Austin at SXSW 2014: Matt Muir and Chris Ohlson, 'Thank You A Lot'
In August 2012, I visited the set of the movie Thank You A Lot, which features Texas singer/songwriter James "Slim" Hand as a fictionalized version of himself along with actor Blake DeLong as a small-time music agent who struggles within the Austin music scene. Texas musicians who appear in the film include hip-hop artist Da'Shade Moonbeam, members of the Austin band Hundred Visions and jazz vocalist Keri Johnsrud.
Thank You A Lot will debut at this year's SXSW Film Festival in the Narrative Spotlight category, with the premiere screening at the Topfer Theatre at ZACH on Friday, March 7 at 7 pm. Additional screenings take place on Sunday, March 9 at the Marchesa and Saturday, March 15 at the Vimeo Theater in the Austin Convention Center.
I recently spoke with writer/director Matt Muir and producer Chris Ohlson to continue our discussion about the journey of Thank You A Lot from the set to the screen. Muir and Ohlson are business partners in the film and video company Revelator, and the duo perform commercial and corporate work while developing film projects within their schedule.
Ohlson also produced David and Nathan Zellner's critically acclaimed narrative Kumiko, The Treasure Hunter (my Sundance review), which makes its regional debut at SXSW on Tuesday, March 11, 1:45 pm, at The Paramount Theatre.
Slackerwood: You began filming Thank You A Lot in August 2012 -- what's been happening since then?
Matt Muir: We've just been slowly but surely finishing. We've had a luxurious timeline where we've were able to do a couple of pick-ups. We've tested a bunch of different options in the edit, and really lived with the movie for awhile and made some music decisions.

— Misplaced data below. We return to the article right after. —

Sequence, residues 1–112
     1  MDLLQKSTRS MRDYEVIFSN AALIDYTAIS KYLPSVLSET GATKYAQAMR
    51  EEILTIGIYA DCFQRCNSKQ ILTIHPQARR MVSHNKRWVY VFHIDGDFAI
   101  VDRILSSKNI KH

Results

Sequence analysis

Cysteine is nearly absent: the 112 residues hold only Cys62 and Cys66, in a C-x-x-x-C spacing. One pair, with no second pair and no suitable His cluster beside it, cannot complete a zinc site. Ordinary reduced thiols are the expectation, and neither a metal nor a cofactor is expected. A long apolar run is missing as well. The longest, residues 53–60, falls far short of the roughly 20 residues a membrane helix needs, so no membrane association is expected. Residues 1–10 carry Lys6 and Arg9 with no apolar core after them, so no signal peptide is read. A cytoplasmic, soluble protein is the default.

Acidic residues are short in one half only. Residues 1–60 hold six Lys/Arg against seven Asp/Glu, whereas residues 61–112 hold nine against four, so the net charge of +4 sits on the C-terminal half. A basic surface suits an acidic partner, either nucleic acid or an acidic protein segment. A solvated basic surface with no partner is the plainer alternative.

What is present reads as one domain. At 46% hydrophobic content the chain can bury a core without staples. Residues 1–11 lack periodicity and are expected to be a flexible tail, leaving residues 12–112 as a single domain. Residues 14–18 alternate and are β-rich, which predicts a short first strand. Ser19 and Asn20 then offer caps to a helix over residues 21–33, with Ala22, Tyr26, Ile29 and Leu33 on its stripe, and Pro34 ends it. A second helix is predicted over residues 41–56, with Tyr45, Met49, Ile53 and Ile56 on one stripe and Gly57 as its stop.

A big part of the movie is what world it takes place in. It's kind of a bit of a subculture movie about the music business and the Austin music scene. Because of that we definitely wanted to create a unique world, so a lot of that was like, what kind of interesting things that we could do in post -- with the music selection we pick, what kind of world we want to create with sound design.
Looking at a lot of the time elements in the story structure of the movie that we can play around with as well and test out different things. Creating a specific tone for the movie that we really like and are really excited about.
In setting the tone of the movie, and the music -- how do you strike the balance/contrast?
Muir: One of the big conversations that we had early on about the movie is that it takes place in a specific kind of subculture. Even in that subculture -- in the music business or the idea of live performance musicians -- music is the interconnective tissue to a bunch of different worlds which is country music, the hip-hop scene, indie rock scene.
All these characters live in these different worlds and the main character Jack is definitely the connection to each of these worlds. That's one of the things that we are trying to accomplish with these different versions of the edit. We are looking at how we are creating a specific mood with sound design, different edit choices, different music selections. That definitely informed these interconnected but very definitely diverse worlds that exist in the movie.
Who made the decisions on the music to use in Thank You A Lot?
Chris Ohlson: It was really the two of us, and I think that a key that we've learned from making other things is that time is sort of the golden currency. We don't have a big studio or a financier pushing on us to have it done by a certain date. What we wanted to do was definitely explore what would work best. The strategy was always to sort of have the movie ready for the spring, but it's sort of working backwards from there.
It's like -- let's use a lot of the Texas-based musicians that we know and love, and sort of explore what would work and what wouldn't. We were able to test things and see what works best that way.
What challenges did you have dealing with publishing and music rights?
Ohlson: We have a great music supervisor on board, Dominique Preyer, who I've worked with a handful of times. He's making sure legally and paperwork-wise, the artists are happy and we're covered. But we were also very cognizant of only reaching out to or using music that we had a shot at getting.